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actually should be characterized...

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56 practice notes
  • Morton v. Kievit ( In re Vallecito Gas, LLC), CASE NO. 07-35674-BJH-11
    • United States
    • United States Bankruptcy Courts. Fifth Circuit. U.S. Bankruptcy Court — Northern District of Texas
    • July 19, 2011
    ...Although several circuits have specifically held that the deadline set forth in § 549(d) may be equitably tolled, see, e.g. Inre Pugh, 158 F.3d 530, 537 (11th Cir. 1998) ("there is a strong consensus among courts that sections 546(a) and 549(d) can be equitably tolled"); In re Olsen, 36 F.3......
  • Morton v. Kievit (In re Vallecito Gas, LLC)
    • United States
    • United States District Courts. 5th Circuit. United States District Courts. 5th Circuit. Northern District of Texas
    • July 19, 2011
    ...Although several circuits have specifically held that the deadline set forth in § 549(d) may be equitably tolled, see, e.g. In re Pugh, 158 F.3d 530, 537 (11th Cir.1998) (“there is a strong consensus among courts that sections 546(a) and 549(d) can be equitably tolled”); In re Olsen, 36 F.3......
  • Kipperman v. Onex Corp., Civil Action No. 1:05-CV-1242-JOF.
    • United States
    • United States District Courts. 11th Circuit. United States District Courts. 11th Circuit. Northern District of Georgia
    • August 13, 2009
    ...pled in a defendant's answer. See 11 U.S.C. § 547(g) (placing the burden to prove 547(c) exceptions on defendant); In re Pugh, 158 F.3d 530, 532 (11th Cir.1998) (affirmative defenses not asserted are waived); In re Moltech Power Systems, Inc., 326 B.R. 179, 183 (Bankr.N.D.Fla. 2005) (547(c)......
  • In re Outboard Marine Corp., Bankruptcy No. 00-B-37405.
    • United States
    • United States Bankruptcy Courts. Seventh Circuit. U.S. Bankruptcy Court — Northern District of Illinois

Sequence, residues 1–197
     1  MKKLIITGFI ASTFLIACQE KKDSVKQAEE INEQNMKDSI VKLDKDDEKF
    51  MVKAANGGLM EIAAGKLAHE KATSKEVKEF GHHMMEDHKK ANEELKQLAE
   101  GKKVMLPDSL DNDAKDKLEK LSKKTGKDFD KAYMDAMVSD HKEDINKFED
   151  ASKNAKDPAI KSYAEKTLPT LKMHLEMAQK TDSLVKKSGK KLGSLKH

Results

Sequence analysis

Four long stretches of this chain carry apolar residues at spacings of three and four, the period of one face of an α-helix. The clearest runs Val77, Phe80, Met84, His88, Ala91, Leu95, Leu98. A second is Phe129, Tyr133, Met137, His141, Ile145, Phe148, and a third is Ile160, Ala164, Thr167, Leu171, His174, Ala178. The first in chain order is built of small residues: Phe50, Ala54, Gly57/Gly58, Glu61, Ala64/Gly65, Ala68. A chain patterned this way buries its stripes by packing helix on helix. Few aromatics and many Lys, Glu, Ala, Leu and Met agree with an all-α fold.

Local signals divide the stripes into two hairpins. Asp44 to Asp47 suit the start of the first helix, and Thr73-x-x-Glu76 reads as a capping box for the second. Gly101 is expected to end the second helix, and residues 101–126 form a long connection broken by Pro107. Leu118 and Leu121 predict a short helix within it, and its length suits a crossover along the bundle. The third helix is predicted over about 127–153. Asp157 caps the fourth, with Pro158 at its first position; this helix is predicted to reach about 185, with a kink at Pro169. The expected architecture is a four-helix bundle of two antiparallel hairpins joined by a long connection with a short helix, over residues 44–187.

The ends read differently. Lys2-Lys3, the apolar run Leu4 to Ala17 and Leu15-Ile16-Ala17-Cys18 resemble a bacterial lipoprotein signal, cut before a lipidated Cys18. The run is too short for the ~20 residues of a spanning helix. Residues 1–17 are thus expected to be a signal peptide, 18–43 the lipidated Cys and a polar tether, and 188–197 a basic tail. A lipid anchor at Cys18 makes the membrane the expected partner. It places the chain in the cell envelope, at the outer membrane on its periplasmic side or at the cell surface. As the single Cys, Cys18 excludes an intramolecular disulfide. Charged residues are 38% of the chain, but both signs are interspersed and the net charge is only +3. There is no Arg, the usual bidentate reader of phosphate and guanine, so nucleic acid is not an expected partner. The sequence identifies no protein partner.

• September 11, 2003
    ...is a true statute of limitations that can be extended by the parties, waived, or equitably tolled. See, e.g., Pugh v. Brook (In re Pugh), 158 F.3d 530, 538 (11th Cir.1998) (concluding that the limitations periods set forth in sections 546(a) and 549(d) are statutes of limitations that can b......
  • Request a trial to view additional results
56 cases
  • Morton v. Kievit ( In re Vallecito Gas, LLC), CASE NO. 07-35674-BJH-11
    • United States
    • United States Bankruptcy Courts. Fifth Circuit. U.S. Bankruptcy Court — Northern District of Texas
    • July 19, 2011
    ...Although several circuits have specifically held that the deadline set forth in § 549(d) may be equitably tolled, see, e.g. Inre Pugh, 158 F.3d 530, 537 (11th Cir. 1998) ("there is a strong consensus among courts that sections 546(a) and 549(d) can be equitably tolled"); In re Olsen, 36 F.3......
  • Morton v. Kievit (In re Vallecito Gas, LLC)
    • United States
    • United States District Courts. 5th Circuit. United States District Courts. 5th Circuit. Northern District of Texas
    • July 19, 2011
    ...Although several circuits have specifically held that the deadline set forth in § 549(d) may be equitably tolled, see, e.g. In re Pugh, 158 F.3d 530, 537 (11th Cir.1998) (“there is a strong consensus among courts that sections 546(a) and 549(d) can be equitably tolled”); In re Olsen, 36 F.3......
  • Kipperman v. Onex Corp., Civil Action No. 1:05-CV-1242-JOF.
    • United States
    • United States District Courts. 11th Circuit. United States District Courts. 11th Circuit. Northern District of Georgia
    • August 13, 2009
    ...pled in a defendant's answer. See 11 U.S.C. § 547(g) (placing the burden to prove 547(c) exceptions on defendant); In re Pugh, 158 F.3d 530, 532 (11th Cir.1998) (affirmative defenses not asserted are waived); In re Moltech Power Systems, Inc., 326 B.R. 179, 183 (Bankr.N.D.Fla. 2005) (547(c)......
  • In re Outboard Marine Corp., Bankruptcy No. 00-B-37405.
    • United States
    • United States Bankruptcy Courts. Seventh Circuit. U.S. Bankruptcy Court — Northern District of Illinois
    • September 11, 2003
    ...is a true statute of limitations that can be extended by the parties, waived, or equitably tolled. See, e.g., Pugh v. Brook (In re Pugh), 158 F.3d 530, 538 (11th Cir.1998) (concluding that the limitations periods set forth in sections 546(a) and 549(d) are statutes of limitations that can b......
  • Request a trial to view additional results